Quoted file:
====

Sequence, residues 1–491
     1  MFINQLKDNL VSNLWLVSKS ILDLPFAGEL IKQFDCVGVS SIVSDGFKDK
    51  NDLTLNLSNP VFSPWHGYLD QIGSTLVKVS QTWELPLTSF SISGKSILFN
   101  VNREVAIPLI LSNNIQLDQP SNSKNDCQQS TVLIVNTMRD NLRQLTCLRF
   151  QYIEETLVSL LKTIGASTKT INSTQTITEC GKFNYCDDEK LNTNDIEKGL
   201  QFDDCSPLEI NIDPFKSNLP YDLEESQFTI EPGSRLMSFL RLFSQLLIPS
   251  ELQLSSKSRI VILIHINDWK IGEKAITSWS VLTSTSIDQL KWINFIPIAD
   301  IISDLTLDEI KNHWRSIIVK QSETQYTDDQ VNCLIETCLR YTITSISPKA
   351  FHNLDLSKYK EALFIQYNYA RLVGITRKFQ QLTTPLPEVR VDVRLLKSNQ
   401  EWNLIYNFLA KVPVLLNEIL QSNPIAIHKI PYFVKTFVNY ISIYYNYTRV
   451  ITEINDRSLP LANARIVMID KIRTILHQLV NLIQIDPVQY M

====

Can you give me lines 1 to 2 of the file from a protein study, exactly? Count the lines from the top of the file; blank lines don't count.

Sequence, residues 1–491
     1  MFINQLKDNL VSNLWLVSKS ILDLPFAGEL IKQFDCVGVS SIVSDGFKDK